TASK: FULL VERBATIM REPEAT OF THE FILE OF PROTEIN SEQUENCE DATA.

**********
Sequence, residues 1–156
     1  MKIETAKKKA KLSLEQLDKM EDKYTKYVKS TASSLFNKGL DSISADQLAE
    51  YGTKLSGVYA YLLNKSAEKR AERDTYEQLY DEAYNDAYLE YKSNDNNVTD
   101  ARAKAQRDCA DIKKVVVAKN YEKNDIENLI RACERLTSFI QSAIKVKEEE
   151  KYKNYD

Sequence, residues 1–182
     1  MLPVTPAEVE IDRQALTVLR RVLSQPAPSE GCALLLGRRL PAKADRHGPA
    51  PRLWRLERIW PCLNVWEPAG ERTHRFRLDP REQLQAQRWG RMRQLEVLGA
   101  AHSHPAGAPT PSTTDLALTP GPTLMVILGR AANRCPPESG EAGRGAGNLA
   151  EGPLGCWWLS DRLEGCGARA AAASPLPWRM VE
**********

Sequence, residues 1–156
     1  MKIETAKKKA KLSLEQLDKM EDKYTKYVKS TASSLFNKGL DSISADQLAE
    51  YGTKLSGVYA YLLNKSAEKR AERDTYEQLY DEAYNDAYLE YKSNDNNVTD
   101  ARAKAQRDCA DIKKVVVAKN YEKNDIENLI RACERLTSFI QSAIKVKEEE
   151  KYKNYD

Sequence, residues 1–182
     1  MLPVTPAEVE IDRQALTVLR RVLSQPAPSE GCALLLGRRL PAKADRHGPA
    51  PRLWRLERIW PCLNVWEPAG ERTHRFRLDP REQLQAQRWG RMRQLEVLGA
   101  AHSHPAGAPT PSTTDLALTP GPTLMVILGR AANRCPPESG EAGRGAGNLA
   151  EGPLGCWWLS DRLEGCGARA AAASPLPWRM VE